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September 27, 2018

Police officer's reaction to a suspect repeatedly calling her the N-word goes viral

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A black female police officer with the New York Police Department has been hailed as a queen after her reaction to being called the N-word went viral. What she had to go through, unfortunately, is reminiscent of the historical struggles of black women in the police force.

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Twitter user @_SJPeace_ shared the video of an arrest scene where the suspect was already handcuffed and sitting on the ground.

Ilya Freyman was arrested for punching an attendant’s booth and vandalizing a Brooklyn gas station, but instead of sober reflection, the white male chose to verbally attack one of the officers: an African American woman.

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Three officers were visible in the video: two males and the black female. One of the male officers stood to Freyman’s side, apparently warning him to keep quiet. The suspect would not heed, however, stopping now and then to curse at the warning officer.

You can watch the video here. Warning: The video contains strong language.

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Throughout his one-minute tirade, the female officer stood stoically, seemingly oblivious to Freyman’s degrading word. The exemplary woman never even dignifies him with a look, much more response.

Daily News reported that Freyman screamed the derogatory term at least 50 times during the incident that took place outside the Ocean Auto Center on Ocean Avenue in Midwood, Brooklyn.

A DIFFERENT PERSPECTIVE

Social media users immediately branded the woman a hero, praising her patience and courage in the face of such hate.

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There were, however, those who pointed out that all may not be as it seemed. Twitter user, Hannah Drake noted sadly:

“You think that didn’t cut into the core of her being? You think she didn’t go home and reflect on that? You think she didn’t question her job and why she puts up with this?”

Another user observed that Freyman, a white male, was never beaten or shot at throughout his rant.

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A BIGGER PROBLEM

Sadly, what this black female officer had to endure is only a small portion of others had to deal with many years ago. It was worse back then because the hatred often came not just from the streets, but from within the system.  

Pia M. Kinney James, the first black woman to become a police officer in Madison, chose her career path after witnessing the existing prejudice in police treatment of black people and their treatment of others.

James recalls her parents trying to dissuade her from becoming a cop.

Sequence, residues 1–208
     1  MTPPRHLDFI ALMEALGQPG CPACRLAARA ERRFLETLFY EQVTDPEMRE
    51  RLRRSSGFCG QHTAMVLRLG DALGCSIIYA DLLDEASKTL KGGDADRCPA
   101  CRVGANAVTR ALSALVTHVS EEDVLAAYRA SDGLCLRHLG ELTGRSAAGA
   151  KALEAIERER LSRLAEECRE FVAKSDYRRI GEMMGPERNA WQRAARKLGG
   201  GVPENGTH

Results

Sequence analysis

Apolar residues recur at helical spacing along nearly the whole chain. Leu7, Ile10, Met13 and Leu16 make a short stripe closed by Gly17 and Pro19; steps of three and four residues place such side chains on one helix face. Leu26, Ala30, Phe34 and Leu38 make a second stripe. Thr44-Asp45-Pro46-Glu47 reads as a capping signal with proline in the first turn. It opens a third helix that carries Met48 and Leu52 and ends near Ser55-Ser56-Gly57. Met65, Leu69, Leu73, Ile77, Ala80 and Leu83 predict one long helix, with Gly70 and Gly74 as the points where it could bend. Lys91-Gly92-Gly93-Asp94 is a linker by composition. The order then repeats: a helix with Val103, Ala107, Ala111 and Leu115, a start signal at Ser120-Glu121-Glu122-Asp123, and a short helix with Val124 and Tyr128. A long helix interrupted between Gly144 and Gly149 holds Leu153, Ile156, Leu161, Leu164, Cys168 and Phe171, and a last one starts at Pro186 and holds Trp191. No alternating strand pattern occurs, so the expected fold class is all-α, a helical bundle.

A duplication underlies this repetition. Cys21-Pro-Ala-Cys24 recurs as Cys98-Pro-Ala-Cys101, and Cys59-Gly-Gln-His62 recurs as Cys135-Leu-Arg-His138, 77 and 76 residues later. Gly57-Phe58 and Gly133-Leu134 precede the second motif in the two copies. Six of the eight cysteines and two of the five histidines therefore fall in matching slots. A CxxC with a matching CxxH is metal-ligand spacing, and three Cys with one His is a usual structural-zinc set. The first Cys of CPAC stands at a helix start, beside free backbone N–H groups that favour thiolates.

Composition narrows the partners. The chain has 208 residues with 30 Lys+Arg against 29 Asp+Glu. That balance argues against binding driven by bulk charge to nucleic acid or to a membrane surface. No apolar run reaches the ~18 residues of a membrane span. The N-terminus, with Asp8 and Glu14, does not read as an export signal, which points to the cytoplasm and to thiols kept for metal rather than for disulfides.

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“They feared for my safety from the officers, not necessarily the street characters,” she said. “They knew about racism and sexism and tried to talk me out of it.”

James’ determination was enough to get her into the Police Department, but it did not shield her from the blatant discrimination in the system.

She was once assigned to a Field Training Officer (FTO) who for a long time refused to speak to her. When he eventually did, the words were:

“I don’t like women in the police department, I don’t like blacks, and I don’t like people on welfare.”

Although women like James broke barriers and paved the way for many more women of color in the Police Fore today, a lot still needs to be done to achieve equality among all races and genders.

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A HOMELESS HERO

Meanwhile, while Freyman had all the time in the world to verbally assault the female officer, another gas station suspect in South Carolina was not so lucky.

Donald Songster Brown was being arrested by a female cop on the charges of attempted murder, armed robbery, and kidnapping. A video of the incident shows Brown struggling with the officer. He continues to act tough even after the cop tased him.

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That was when Cray Turmon, a homeless man, stepped in.

"She's a woman slammed to the ground, and she's an officer...I saw her belongings hit the ground. She'd done everything she could. It was going to get ugly, ya know? Something had to be done,” said Turmon who tackled Brown and helped complete the arrest.

Columbia Police Chief Skip Holbrook honored Turmon with a certificate for his "extraordinary actions to preserve life and aid public safety.”

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